Colorado Rockies continue to defy the critics

Jon Garland has been a great pickup so far for the Rockies.Six. That number is significant for the Colorado Rockies.On Thursday, in 28 degree weather, the Rockies won their sixth straight game. In 2012, a year ago, the Rockies accomplished that feat exactly zero times. They won five straight, but never six.On April 18th, the Rockies also reached another milestone. They achieved their...

Are the red-hot Rockies for real?

In this young season, much has been made of all the high profile teams off to slow starts. Kicking the Jays, Rays and Angels while they are down has become something of a recreational sport at this point. However teams on the opposite side of the coin aren't receiving nearly the same level of attention. To see what I mean look no further than the NL West leading Colorado Rockies...

Colorado Rockies Recall Josh Outman, Option Chris Volstad

MLB News: The Colorado Rockies made one guy happy and another sad Friday, recalling lefty Josh Outman from Triple-A Colorado Springs while optioning righty Chris Volstad to the same club. Despite Outman’s 2012 struggles, the Rockies are hoping for a change-of-luck for the 28-year old pitcher. Fantasy Ramifications: None. This move reeks of desperation. Neither player holds any...

Breaking News: Snowman Bored By Colorado Rockies

Because it’s cold outside, get it? The description of this clip is adorable:A Rockies fan takes in the first game of the Mets-Rockies doubleheader with a snowman friendHere’s the clip, followed by the best idea I’ve ever had (ever).Your browser does not support iframes.Okay, so, it’s technically two ideas.1. This is a great option for baseball teams struggling with...

D-backs shut down by Chacin, Rockies

DENVER (AP) -- Jhoulys Chacin pitched effectively into the seventh inning and became the first Colorado starter to throw 100 pitches in a game since last June before leaving with an injury as the Rockies beat the Diamondbacks 3-1 Friday night. Troy Tulowitzki hit a two-run homer and Chacin helped himself by driving in a run with a sacrifice fly as the Rockies won their seventh in...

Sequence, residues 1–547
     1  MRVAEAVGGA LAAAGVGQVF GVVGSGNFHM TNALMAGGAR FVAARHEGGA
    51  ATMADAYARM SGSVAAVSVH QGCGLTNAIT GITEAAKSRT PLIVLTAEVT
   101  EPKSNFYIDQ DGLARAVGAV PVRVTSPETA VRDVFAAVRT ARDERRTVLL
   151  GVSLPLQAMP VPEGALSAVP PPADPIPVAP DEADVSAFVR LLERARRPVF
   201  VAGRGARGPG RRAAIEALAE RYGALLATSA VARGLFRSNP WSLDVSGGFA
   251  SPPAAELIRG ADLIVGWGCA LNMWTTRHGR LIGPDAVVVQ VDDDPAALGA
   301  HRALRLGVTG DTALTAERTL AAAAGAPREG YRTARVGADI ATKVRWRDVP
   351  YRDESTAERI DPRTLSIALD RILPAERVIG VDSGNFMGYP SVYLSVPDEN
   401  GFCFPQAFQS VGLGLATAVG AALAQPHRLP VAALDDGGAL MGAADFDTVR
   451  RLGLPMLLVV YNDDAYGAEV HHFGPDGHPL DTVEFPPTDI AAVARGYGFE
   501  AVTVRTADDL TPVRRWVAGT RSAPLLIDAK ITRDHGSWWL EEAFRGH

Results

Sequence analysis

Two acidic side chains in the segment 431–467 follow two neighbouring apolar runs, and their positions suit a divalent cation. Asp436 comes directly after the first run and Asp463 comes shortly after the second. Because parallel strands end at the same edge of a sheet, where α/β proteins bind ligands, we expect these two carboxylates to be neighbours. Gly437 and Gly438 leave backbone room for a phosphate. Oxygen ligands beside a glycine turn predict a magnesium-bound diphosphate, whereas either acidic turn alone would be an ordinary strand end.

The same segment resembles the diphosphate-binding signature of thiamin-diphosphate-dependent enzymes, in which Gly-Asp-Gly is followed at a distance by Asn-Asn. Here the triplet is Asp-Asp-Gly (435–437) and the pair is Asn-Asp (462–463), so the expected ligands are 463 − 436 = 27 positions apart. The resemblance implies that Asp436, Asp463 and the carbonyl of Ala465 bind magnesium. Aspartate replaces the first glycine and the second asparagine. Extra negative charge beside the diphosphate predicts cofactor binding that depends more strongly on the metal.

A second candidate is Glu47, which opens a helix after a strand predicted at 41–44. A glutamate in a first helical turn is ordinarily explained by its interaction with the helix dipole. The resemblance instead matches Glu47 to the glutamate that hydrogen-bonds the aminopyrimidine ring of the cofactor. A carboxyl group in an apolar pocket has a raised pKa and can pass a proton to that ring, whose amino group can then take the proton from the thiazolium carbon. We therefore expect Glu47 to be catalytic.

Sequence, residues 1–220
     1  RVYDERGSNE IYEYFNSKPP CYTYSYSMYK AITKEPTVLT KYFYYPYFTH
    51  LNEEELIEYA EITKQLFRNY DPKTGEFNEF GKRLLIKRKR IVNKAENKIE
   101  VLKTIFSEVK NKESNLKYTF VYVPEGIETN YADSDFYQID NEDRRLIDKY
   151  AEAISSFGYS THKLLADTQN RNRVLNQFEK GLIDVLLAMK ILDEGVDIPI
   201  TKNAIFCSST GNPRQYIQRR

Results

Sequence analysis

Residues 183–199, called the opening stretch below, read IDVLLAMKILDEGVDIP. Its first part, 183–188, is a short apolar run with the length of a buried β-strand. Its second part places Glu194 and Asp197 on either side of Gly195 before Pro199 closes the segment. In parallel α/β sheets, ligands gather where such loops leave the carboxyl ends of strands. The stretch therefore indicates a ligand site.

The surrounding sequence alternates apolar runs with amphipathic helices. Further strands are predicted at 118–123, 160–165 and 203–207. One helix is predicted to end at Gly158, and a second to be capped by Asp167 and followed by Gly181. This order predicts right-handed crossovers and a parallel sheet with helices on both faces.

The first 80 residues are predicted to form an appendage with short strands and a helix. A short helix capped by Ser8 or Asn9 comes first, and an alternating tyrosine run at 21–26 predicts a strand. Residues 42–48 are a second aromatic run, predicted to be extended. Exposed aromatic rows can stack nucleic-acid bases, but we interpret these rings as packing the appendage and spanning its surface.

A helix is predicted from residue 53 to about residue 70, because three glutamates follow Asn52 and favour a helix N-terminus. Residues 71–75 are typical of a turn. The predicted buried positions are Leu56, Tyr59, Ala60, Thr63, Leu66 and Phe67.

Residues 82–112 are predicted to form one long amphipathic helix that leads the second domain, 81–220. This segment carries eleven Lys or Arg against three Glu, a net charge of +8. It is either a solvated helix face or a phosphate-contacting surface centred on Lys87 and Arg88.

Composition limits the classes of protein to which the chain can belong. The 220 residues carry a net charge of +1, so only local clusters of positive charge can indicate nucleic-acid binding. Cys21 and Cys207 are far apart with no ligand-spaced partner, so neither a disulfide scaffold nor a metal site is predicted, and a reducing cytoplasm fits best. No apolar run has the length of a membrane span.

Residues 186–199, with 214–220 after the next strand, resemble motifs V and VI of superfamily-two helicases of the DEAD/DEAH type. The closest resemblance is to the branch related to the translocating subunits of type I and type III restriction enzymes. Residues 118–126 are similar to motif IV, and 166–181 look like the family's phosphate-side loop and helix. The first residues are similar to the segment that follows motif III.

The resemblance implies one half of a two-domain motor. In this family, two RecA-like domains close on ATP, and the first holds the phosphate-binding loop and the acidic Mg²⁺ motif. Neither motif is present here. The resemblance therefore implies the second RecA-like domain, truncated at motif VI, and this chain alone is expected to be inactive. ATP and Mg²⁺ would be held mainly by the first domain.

Rockies fan builds snowman to keep him company at Coors Field

A lonely Colorado Rockies fan took advantage of all the snow that covered Coors Field the last couple of days and built himself someone to talk to.  During the first game of Tuesday's doubleheader against the New York Mets, this creative young man created someone that actually likes seeing baseball played in arctic climates. The problem was figuring out why the dude in a purple...

More snow forces postponement of Mets-Rockies game

The game between the New York Mets and the Colorado Rockies has been postponed as another spring snow storm passed through the Mile High City. No makeup date has been announced for Wednesday's game. Monday's game was pushed due to flurries and made up as part of a doubleheader Tuesday that was swept by the Rockies. Team employees, including owner Dick Monfort, shoveled...

Diamondbacks-Rockies Preview

While the weather in Denver has been frigid of late, the Colorado Rockies have been red hot. The surging Rockies try to extend the best home start in franchise history Friday night when they open a three-game set against the Arizona Diamondbacks. After a pair of games were postponed due to heavy snow, Colorado (11-4) completed a shortened three-game sweep of the New York Mets with...

Tony La Russa Says He Will Not Return to Baseball to Manage Angels, Any Other Team

With the Angels absent from the playoffs since 2009, and off to a 4-10 start this season — below even the lowly Astros in the AL West — there’s already heavy speculation about manager Mike Scioscia‘s job security. Scioscia is baseball’s longest-tenured manager and is signed through 2018, but after the Angels signed Albert Pujols and Josh Hamilton to huge, multiyear deals...
All Sports News
Delivered to your inbox
You'll also receive Yardbarker's daily Top 10, featuring the best sports stories from around the web. Customize your newsletter to get articles on your favorite sports and teams. And the best part? It's free!

Today's Best Stuff
For Bloggers

Join the Yardbarker Network for more promotion, traffic, and money.

Company Info
What is Yardbarker?

Yardbarker is the largest network of sports blogs and pro athlete blogs on the web. This site is the hub of the Yardbarker Network, where our editors and algorithms curate the best sports content from our network and beyond.